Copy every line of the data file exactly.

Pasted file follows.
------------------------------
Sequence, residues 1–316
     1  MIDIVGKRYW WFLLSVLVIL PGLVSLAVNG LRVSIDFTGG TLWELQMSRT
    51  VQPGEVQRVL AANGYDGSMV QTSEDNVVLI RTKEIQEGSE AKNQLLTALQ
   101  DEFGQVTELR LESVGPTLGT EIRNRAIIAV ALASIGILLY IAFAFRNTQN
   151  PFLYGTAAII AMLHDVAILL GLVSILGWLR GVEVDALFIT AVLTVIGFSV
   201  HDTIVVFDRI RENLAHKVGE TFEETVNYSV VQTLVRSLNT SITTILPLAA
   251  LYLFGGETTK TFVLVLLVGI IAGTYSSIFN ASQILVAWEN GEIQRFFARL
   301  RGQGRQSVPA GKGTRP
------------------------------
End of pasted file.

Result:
Sequence, residues 1–316
     1  MIDIVGKRYW WFLLSVLVIL PGLVSLAVNG LRVSIDFTGG TLWELQMSRT
    51  VQPGEVQRVL AANGYDGSMV QTSEDNVVLI RTKEIQEGSE AKNQLLTALQ
   101  DEFGQVTELR LESVGPTLGT EIRNRAIIAV ALASIGILLY IAFAFRNTQN
   151  PFLYGTAAII AMLHDVAILL GLVSILGWLR GVEVDALFIT AVLTVIGFSV
   201  HDTIVVFDRI RENLAHKVGE TFEETVNYSV VQTLVRSLNT SITTILPLAA
   251  LYLFGGETTK TFVLVLLVGI IAGTYSSIFN ASQILVAWEN GEIQRFFARL
   301  RGQGRQSVPA GKGTRP